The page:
The president of the Bundestag also heads the administration of the Bundestag and as such is responsible for all matters connected with the compensation of MdBs including their pension arrangements. Day-to-day administration of MdBs’ pay and benefits is the responsibility of a small department.
As elsewhere in Europe, MdBs’ pension arrangements have been criticised for being overgenerous. “They receive it too early, pension benefits accumulate too quickly and unlike their counterparts in many other countries, they do not pay any contributions themselves,” says Hans Herbert von Arnim, professor of public law and constitutional theory at the German University of Administrative Sciences in Speyer, and a well-known commentator on this subject.
Karl Heinz Däke is president of the German Taxpayers Association, an independent body that lobbies for fair and efficient use of taxpayers’ money. He is critical of the MdBs’ scheme: “the average worker that pays into the statutory state pension needs to work at least 187 years to build a level of pension provision that an MdB accumulates in just eight years,” he says and adds: “this, at a time when the traditional forms of pension provision in Germany are being eroded is intolerable for both the pensioners and taxpayers. MdBs should have no more privileges in this area than the rest of the population.”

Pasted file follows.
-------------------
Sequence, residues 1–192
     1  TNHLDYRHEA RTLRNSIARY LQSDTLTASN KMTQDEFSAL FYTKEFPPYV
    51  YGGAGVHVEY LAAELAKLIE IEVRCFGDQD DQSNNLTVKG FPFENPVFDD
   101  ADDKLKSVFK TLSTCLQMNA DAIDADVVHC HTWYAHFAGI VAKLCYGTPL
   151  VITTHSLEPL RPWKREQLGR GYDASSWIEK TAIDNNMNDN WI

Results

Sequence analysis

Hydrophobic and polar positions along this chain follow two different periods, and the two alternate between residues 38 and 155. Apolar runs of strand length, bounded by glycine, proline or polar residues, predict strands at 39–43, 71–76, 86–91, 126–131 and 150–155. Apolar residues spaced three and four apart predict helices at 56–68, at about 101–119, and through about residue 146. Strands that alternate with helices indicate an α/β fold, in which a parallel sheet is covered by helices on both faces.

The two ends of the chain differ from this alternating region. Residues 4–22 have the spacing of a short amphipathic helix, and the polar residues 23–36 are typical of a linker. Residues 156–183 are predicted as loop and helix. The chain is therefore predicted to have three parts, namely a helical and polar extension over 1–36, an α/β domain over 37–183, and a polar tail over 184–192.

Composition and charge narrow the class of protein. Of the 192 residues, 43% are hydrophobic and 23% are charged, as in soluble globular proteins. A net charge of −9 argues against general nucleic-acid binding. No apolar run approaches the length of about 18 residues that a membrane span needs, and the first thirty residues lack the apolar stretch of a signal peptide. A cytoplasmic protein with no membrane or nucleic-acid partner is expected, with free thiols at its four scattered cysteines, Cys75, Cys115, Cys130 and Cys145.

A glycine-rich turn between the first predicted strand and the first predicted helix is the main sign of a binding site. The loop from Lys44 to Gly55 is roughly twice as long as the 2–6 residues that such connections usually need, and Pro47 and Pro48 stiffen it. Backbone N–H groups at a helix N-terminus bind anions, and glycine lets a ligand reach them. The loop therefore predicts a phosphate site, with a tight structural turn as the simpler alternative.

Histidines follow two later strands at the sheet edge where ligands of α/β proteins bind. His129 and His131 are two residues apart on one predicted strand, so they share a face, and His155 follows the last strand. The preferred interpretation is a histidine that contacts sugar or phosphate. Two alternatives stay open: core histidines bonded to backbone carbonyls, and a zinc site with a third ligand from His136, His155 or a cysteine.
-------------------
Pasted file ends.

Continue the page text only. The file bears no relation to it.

Germans have long had one of the best levels of pension provision in Europe. However, an ageing population and declining birth rate mean that the pension system is becoming unaffordable in its current form. The reforms which are currently being discussed in parliament are aimed at generating more self-provision to compensate for the gradual erosion of the first pillar scheme.
As von Arnim notes, “the pensions for the normal working population will need to be drastically reduced. This will be painful and could lead to demonstrations like those seen in Italy and France. At such a time it is inevitable that the pension arrangements for MdBs will come in for public scrutiny. So MdBs should lead by example and cut their own overgenerous pension benefits.”
Dieter Wiefelspütz, SPD spokes-man on domestic policy, is quick to counter the claim: “Parliamentary pensions have been downgraded two or three times in the last 15 years,” he says. “When I was elected to the Bundestag in 1987, it took 16 years to accumulate the full pension. Today it takes 22 years. Of course nobody is interested in that. Furthermore if pay levels had kept pace with pensions in the last 20 years MdBs would earn E2,000 per month more than we do now. Nobody wants to know that either.”